Proliferation characteristics of canine transmissible venereal tumor

Rea Min Chu*, Ching Yi Lin, Cheng Chi Liu, Shin Yi Yang, Ya Wen Hsiao, Shao Wen Hung, Hai Ni Pao, Kuang-Wen Liao

*Corresponding author for this work

Research output: Contribution to journalArticlepeer-review

25 Scopus citations


Canine transmissible venereal tumor (CTVT) grows progressively (P-phase) in the host and then spontaneously regresses (R-phase). The mechanisms behind the transition from the P-to R-phases are not well understood. In this study, in order to determine the proliferation characteristics of CTVT, we evaluated telomerase activity and enumerated nuclear organizing regions (AgNOR) and proliferating cell nuclear antigen (PCNA). It was found that CTVT cells from the P-and R-phases were both positive for telomerase activity, although it was lower in the R-phase. Evaluations of telomerase activity should take into account the stage of mitosis. Although, in the majority of cases, telomerase activity can be used to differentiate between benign and malignant tumors in dogs, other factors or markers should also be used to obtain accurate diagnoses. The PCNA-positive rate and the number and area of AgNOR per cell increased much more in the P-phase than the R-phase. However, the AgNOR values were always higher. Thus, the AgNOR count can be used to distinguish the P-and R-phases of CTVT. In addition, mitotic figures were much higher in number in the P-phase as compared to the R-phase. We believe that, during spontaneous regression of CTVT cells, slow tumor cell proliferation must contribute to the decrease in tumor size. However, shortening of tumor cell telomeres is not directly involved in this process. Other factors, such as expression of MHC antigens on CTVT cells, humoral immunity, cytokines released by the inflammatory cells and, especially, tumor infiltrating lymphocytes may contribute to CTVT regression.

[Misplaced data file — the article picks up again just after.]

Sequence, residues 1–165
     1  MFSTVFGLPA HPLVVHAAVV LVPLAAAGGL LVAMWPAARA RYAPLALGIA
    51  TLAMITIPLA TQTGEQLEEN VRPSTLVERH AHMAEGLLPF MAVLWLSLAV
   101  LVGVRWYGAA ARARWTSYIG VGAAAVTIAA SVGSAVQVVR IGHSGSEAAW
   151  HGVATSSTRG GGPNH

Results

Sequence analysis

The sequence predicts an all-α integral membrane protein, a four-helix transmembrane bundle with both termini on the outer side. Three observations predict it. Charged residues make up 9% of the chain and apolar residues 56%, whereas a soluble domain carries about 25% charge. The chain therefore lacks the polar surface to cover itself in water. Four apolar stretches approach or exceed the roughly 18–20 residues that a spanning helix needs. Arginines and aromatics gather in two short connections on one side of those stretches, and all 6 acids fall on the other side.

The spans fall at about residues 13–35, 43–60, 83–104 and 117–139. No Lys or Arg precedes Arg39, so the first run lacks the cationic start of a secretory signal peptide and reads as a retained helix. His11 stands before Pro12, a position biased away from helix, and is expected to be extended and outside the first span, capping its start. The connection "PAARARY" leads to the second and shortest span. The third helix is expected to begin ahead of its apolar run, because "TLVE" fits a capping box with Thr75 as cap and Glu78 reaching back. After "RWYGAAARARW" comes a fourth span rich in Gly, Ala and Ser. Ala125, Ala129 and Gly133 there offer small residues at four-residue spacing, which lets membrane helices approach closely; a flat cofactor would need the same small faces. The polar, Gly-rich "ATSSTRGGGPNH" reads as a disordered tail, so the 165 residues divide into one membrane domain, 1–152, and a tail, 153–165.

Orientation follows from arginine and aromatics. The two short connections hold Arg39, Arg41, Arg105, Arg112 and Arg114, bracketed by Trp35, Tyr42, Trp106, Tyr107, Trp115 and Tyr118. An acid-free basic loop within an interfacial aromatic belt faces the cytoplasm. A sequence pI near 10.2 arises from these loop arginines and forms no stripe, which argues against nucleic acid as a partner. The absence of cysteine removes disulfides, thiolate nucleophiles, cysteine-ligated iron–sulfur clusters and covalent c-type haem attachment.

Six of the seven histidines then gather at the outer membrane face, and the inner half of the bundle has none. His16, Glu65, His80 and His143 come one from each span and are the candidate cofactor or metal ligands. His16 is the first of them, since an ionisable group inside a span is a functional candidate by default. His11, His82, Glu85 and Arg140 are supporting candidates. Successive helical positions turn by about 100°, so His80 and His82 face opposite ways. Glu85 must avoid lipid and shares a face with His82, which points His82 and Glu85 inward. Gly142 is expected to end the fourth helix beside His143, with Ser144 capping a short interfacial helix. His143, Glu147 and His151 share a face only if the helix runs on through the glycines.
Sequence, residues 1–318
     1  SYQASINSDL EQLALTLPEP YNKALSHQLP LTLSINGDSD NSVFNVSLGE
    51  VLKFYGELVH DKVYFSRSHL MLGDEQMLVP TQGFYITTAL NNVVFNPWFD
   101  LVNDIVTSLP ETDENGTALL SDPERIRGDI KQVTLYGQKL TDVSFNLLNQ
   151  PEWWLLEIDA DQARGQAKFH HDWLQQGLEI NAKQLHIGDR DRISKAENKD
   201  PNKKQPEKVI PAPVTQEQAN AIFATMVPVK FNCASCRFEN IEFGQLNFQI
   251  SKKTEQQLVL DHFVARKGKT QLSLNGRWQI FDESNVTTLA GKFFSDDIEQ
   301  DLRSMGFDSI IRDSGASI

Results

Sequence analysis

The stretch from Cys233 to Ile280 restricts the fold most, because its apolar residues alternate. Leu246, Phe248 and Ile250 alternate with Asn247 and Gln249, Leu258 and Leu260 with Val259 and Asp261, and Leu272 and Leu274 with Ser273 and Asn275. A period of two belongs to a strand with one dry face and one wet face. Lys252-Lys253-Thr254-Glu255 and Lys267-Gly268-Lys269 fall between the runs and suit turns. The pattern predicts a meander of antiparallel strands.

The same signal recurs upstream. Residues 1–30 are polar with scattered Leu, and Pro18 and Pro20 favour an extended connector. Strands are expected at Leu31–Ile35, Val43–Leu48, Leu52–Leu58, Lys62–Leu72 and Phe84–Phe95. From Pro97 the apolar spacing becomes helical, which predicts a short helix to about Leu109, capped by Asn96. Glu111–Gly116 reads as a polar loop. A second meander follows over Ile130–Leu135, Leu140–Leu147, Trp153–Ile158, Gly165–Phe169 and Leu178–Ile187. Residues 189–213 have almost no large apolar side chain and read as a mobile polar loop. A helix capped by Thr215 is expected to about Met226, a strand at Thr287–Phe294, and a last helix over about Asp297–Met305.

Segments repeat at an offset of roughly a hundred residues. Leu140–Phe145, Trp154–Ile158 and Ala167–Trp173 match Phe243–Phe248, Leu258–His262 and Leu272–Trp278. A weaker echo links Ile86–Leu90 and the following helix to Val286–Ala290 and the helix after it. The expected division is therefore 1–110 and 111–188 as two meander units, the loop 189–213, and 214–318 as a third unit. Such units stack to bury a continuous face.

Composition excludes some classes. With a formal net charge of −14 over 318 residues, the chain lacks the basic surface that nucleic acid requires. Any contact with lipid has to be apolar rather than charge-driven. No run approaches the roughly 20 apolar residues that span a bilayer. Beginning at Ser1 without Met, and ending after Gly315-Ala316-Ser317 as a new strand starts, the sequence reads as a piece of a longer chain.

Original languageEnglish
Pages (from-to)4017-4024
Number of pages8
JournalAnticancer Research
Issue number6 A
StatePublished - 1 Dec 2001


  • AgNOR
  • PCNA
  • Proliferation
  • Telomerase activity
  • Transmissible venereal tumor
  • TUNEL stain

Fingerprint Dive into the research topics of 'Proliferation characteristics of canine transmissible venereal tumor'. Together they form a unique fingerprint.

Cite this